20 February 2011


hungover as I was this morning, I had to drag my sorry arse out of the house and go looking for likely places to crash when I begin my big adventure. Couldn't be buggered getting too adventurous, so I stuck to the coast, and as close to public transport as I could. I ended up in a small community on the southern tip of the central coast, Pearl Beach. I'd not been there before, but I'm in love. My camera is playing up atm, so these are just stock pics from Google to give you an idea of what I'll be putting up with when I forgo my roof :)
A view from the northern most tip of Pearl Beach, the greenery in the BG is almost entirely National Park, and I saw three wallabies at different times of the day.
About three k's inland from the Southern side of Pearl Beach, a small watercourse, that turns into a waterfall when it's been raining. Which it has, so I need to get my camera working.
Small creek leading into Pearl Beach-public land, and zero no camping signs. Paradise here I come!
I explored each of these three places quite thoroughly today, I just hope I can get my camera to talk to me and put my pics up, cos they be super pretty, esp. if the wildlife pics come out.

17 February 2011

What was the last gig you went to?

Saw a great band last night. Not sure what their name was, or whether they even had a name. Might have just been a bunch guys who jam together a lot and do the occasional gig for beer money and the hell of it. They were a five-piece jazz combo, kicking out the jams at the local pub and I almost missed them because I had a friend with kids with me and it was getting on for bedtime when the music kicked off.

But what the hell. I'm supposed to be on holidays this week and although modern children are raised in a cloud of music, with most of them being able to work an iPod like champions by the age of five, other than the occasional Wiggles concert I'm guessing that for the most part their exposure to live music is pretty thin.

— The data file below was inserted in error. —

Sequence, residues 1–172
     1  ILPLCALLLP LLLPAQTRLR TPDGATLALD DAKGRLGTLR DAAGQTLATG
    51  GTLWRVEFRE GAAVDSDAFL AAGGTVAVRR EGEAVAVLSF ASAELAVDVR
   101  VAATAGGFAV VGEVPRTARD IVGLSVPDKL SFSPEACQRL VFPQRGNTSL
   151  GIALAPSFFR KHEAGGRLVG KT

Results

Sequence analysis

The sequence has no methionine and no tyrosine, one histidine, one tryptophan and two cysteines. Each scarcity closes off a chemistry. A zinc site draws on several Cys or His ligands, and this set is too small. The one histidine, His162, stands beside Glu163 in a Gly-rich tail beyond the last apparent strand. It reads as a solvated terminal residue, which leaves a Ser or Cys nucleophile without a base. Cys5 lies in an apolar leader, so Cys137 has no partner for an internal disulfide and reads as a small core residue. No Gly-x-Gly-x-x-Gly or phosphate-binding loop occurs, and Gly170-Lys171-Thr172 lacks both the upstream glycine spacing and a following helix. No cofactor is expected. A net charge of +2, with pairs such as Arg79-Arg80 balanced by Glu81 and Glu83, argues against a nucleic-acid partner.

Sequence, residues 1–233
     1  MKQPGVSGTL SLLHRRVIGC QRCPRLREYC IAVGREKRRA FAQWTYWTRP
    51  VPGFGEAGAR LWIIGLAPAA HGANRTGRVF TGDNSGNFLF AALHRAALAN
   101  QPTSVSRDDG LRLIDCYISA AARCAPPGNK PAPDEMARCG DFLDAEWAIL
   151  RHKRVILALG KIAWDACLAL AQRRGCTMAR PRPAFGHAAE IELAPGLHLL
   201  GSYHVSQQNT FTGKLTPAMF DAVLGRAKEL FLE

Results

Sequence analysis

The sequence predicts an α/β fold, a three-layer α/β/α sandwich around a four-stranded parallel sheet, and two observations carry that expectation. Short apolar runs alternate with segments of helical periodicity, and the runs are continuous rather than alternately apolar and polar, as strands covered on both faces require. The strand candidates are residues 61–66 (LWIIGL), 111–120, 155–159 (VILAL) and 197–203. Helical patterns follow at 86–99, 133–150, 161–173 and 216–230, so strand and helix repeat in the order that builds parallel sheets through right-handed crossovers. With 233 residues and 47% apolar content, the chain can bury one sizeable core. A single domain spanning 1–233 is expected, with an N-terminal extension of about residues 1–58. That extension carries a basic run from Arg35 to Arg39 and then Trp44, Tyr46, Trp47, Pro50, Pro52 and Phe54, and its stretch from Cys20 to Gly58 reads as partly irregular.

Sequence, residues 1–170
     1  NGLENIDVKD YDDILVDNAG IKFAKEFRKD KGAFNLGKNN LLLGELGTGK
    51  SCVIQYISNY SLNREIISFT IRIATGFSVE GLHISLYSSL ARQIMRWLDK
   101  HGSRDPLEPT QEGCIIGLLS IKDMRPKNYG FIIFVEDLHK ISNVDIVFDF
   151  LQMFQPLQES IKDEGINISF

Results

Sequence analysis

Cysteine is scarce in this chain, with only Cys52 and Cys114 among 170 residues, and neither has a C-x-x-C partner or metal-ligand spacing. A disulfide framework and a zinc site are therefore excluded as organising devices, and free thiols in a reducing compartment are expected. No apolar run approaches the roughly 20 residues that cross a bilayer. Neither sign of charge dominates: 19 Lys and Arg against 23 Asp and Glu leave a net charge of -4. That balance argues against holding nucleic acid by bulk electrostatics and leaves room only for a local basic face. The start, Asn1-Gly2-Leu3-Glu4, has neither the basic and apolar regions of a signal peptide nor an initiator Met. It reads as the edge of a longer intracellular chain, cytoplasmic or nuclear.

A pity. Because live music rocks.

Sure, last night's unexpected show wasn't akin to catching a guerilla gig by Death Cab for Cutie, but damn those old dudes played some tight little numbers. Made me wish I'd had a coupla bucket bongs before heading out for my burger 'n' chips.

The kids loved it. The room was jumping. And it all put me in mind of some awesome gigs I've rolled into over the years, often by accident, and strangely enough most often in the middle of nowhere. On a Tuesday. Don't know what it is about rural Australia, but they do turn out some great pub bands out there.

Made me wonder how it is we come to lose contact with music as we get older. It's not that we fall out of love with music. Nowadays we carry it with us at all times. But of course there comes a day when you realise it's been a year since you made the effort to get out and see a band or, er, whatever it is the kids these days see.

And that's a bummer. Because no matter the style. The era. Whatever. There are some great musicians out there every night, doing their thing for us. If only we had the time to listen. 

15 February 2011

More grand designs c/o an unfathomably confused Australian Gummint

More evolved Australians investing their superannuation funds, quite sensibly, in quality art, will soon have to either rent the evil artifact to someone or pay for its professional storage.
The art rental market is on its knees, and paying for fine art storage is an unnecessary cost which undermines the investment value. But even if investors promise to avert their gaze when passing their artworks in the hall, or to sit in chairs with their backs to the painting, it is STILL - NOT - OK! It is also apparently not OK to safely and sensibly store the artworks in their alarmed, insured and secure spare room. 

How does this make it a better investment?

Our government allows us to invest in art as long as we don't look at it! And we voted for these people.

Pretty weird huh?

Do Julia Gillard & Co think that art is unAustralian? Do they think paintings wear out under an appreciative gaze? Or more likely, perhaps they don't think at all - even about how Australia is laughed at for such nonsense! We are hicks! We are rednecks!
No. Investors must pay to store their art somewhere else - after all, they might succumb. They might creep into the spare room in the dead of night, peel back the bubble wrap and guiltily indulge in forbidden visual pleasures. And where would we all be then?

The government must protect us from the pleasures of fine art at all costs, even if it does mean breaking a still warm election promise!

And even if it does put yet another bullet in the heart of Australia's once fine art industry!